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Last Updated: Jan 10, 2023

Common Injuries Faced By Athletes

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Dr. Nithin Kumar BejjankiOrthopedic Doctor • 22 Years Exp.Fellowship of the Royal College of Surgeons (FRCS), Membership of the Royal College of Surgeons (MRCS), MBBS, Fellow of Academy of General Education (FAGE)
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When athletes begin training for sports and events and put themselves under the pre-requisite training for such an event, they might experience pain as a result of bone mass increase in areas of maximum stress. If however, the training and exertion is too rapid, the bone might begin to fail and the stress reaction might cause the bone to pain and eventually it can cause fracture in extreme cases.

The athlete will experience unbearable pain at night before such a stress fracture happens. An X-ray is needed to determine, if such a stress fracture has developed and the extent of the fracture. Prior to the fracture, the areas affected will develop black or blue bruising.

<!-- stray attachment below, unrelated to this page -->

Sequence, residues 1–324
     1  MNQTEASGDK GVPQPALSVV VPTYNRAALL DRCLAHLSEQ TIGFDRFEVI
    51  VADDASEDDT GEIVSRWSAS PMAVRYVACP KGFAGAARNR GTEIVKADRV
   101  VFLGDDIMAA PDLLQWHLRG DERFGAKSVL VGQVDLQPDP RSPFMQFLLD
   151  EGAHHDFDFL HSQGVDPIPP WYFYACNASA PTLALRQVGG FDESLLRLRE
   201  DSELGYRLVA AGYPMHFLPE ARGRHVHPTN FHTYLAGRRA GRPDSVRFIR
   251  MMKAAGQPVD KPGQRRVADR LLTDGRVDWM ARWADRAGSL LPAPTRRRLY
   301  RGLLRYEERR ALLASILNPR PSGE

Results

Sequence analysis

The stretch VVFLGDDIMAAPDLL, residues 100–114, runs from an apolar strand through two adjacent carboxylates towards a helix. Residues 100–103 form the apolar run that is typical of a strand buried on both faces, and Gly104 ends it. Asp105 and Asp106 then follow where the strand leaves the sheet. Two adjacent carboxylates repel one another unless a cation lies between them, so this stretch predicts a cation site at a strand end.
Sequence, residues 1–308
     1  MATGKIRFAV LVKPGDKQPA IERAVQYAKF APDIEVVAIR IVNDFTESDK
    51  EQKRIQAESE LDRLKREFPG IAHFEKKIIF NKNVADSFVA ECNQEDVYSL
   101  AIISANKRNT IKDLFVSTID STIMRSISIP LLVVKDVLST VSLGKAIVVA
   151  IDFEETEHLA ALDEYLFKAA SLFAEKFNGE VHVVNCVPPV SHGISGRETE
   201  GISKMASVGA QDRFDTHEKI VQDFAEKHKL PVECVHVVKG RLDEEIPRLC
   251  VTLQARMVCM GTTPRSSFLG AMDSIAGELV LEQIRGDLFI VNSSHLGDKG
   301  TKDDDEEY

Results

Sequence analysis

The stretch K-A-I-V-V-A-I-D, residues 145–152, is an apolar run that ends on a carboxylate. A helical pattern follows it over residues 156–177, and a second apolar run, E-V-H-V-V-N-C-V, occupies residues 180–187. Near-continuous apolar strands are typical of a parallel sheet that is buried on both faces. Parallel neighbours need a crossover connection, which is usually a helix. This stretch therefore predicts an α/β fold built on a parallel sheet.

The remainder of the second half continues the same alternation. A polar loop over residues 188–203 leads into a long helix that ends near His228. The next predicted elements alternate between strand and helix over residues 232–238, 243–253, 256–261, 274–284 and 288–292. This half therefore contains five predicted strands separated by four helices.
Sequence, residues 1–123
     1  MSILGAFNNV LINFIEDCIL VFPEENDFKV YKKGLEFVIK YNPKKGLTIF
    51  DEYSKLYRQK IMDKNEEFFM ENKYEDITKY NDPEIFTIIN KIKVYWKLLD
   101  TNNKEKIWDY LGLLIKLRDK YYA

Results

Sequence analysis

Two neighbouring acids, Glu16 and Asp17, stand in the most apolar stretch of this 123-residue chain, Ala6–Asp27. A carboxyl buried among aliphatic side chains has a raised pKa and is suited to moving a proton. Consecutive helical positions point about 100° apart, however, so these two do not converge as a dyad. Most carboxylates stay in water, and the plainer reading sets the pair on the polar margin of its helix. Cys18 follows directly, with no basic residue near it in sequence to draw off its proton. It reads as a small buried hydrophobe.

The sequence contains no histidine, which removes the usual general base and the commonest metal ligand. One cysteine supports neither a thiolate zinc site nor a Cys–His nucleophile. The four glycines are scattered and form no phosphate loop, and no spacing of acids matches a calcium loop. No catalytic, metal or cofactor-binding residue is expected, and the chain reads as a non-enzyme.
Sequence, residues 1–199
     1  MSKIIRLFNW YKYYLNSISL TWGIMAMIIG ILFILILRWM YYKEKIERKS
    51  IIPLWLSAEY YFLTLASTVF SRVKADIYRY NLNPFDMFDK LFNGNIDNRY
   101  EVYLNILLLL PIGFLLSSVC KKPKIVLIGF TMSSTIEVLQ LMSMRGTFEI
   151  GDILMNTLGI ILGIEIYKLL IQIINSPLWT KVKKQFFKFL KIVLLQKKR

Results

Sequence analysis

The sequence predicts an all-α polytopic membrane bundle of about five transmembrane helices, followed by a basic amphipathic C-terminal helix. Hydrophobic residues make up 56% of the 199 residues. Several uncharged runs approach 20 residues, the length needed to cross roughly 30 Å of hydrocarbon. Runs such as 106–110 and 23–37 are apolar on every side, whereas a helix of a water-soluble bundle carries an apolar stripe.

Hip bone is often the site of injury and many different factors may cause trauma to it. Stress fractures are caused by prolonged and repetitive injury and are common in long distance running athletes. Hip impingement might result from abnormally shaped hip bones wherein the bones grind against each other and deteriorate the connecting joint. The iliac crest (present in the greater pelvic part) of the hip bone impacting the muscle overhead, can lead to hip pointer injuries.

  1. Osgood Schlatter Disease is a condition affecting children, mostly boys who participate in athletics, due to overuse of muscles. The patellar tendon and surrounding tissues get inflamed and with proper rest, ice compression, and elevation of the knee, it can be treated.
  2. Premature osteoporosis is a condition that affects female athletes in particular due to low calcium levels and menstrual dysfunction which hamper the body’s bone building process.
  3. Over training in male athletes may lead to osteoporosis due to reduced testosterone levels.
  4. Osteopenia or the loss of bone in athletes may result due to over training and psychological stress. The calcium is mainly reabsorbed from the ‘cancellous bone’ (bone tissue that has a structure similar to a mesh, containing many pores) in the femur.
  5. Most athletes suffer from low bone density and in extreme cases, this might lead to osteopenia. Cyclists are found to have the highest loss of bone density amongst athletes. If you wish to discuss about any specific problem, you can consult an Orthopedist.

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